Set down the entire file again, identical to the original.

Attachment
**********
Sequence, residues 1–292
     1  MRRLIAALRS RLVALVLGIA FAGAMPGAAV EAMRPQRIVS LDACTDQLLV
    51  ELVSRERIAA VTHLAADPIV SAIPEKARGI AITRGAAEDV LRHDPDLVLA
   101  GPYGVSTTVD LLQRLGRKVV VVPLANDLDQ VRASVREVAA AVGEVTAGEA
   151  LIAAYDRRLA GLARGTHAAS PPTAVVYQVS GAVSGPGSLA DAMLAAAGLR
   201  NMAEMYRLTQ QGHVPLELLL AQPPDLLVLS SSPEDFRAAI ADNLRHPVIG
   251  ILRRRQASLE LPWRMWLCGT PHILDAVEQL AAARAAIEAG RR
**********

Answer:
Sequence, residues 1–292
     1  MRRLIAALRS RLVALVLGIA FAGAMPGAAV EAMRPQRIVS LDACTDQLLV
    51  ELVSRERIAA VTHLAADPIV SAIPEKARGI AITRGAAEDV LRHDPDLVLA
   101  GPYGVSTTVD LLQRLGRKVV VVPLANDLDQ VRASVREVAA AVGEVTAGEA
   151  LIAAYDRRLA GLARGTHAAS PPTAVVYQVS GAVSGPGSLA DAMLAAAGLR
   201  NMAEMYRLTQ QGHVPLELLL AQPPDLLVLS SSPEDFRAAI ADNLRHPVIG
   251  ILRRRQASLE LPWRMWLCGT PHILDAVEQL AAARAAIEAG RR